Manor House Shows Posher Side of Viking Life

Copenhagen Post: A seventh century manor house discovered near Copenhagen gives a glimpse into lifestyles of the Viking rich and famous. In an article for the Copenhagen Post, Christopher Follett writes that archaeologists working at a huge Viking site near Copenhagen have unearthed the foundations of a manor house dating from 500-600 CE. The house, which predates the rest of the site, is the first such structure discovered in Denmark and is much larger than other manor houses of the time period.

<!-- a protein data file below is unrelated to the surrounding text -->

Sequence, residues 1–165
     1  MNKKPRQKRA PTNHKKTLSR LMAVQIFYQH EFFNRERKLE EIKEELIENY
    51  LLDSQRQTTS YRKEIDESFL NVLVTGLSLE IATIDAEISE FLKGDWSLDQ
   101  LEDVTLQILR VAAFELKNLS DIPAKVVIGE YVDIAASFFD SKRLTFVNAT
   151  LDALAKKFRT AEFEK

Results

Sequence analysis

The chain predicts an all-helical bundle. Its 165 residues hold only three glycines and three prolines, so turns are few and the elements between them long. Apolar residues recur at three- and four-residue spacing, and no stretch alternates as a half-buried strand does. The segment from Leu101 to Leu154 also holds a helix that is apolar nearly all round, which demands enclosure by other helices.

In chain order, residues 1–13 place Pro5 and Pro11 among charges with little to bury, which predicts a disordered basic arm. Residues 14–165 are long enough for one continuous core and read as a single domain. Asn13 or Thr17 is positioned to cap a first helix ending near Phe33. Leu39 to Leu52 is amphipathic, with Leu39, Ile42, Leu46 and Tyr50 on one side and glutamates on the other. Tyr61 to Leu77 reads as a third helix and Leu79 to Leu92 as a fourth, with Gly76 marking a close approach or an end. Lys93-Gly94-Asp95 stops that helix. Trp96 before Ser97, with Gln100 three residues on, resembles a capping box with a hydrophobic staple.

Researchers said, "The very size of the building came as a surprise to us, as it is four times bigger than any other manor or farmhouse of that period. Its existence tends to reinforce our theory that the site was used for representational and/or ritual activities by the Viking elite of the time." The previous discovery of elaborate gold jewelry at the site has led archaeologists to investigate further, prompting the recent discovery. The presence of trade goods from many different places also leads to the speculation that this was a royal residence, although it lacks the gravesites of aristocrats.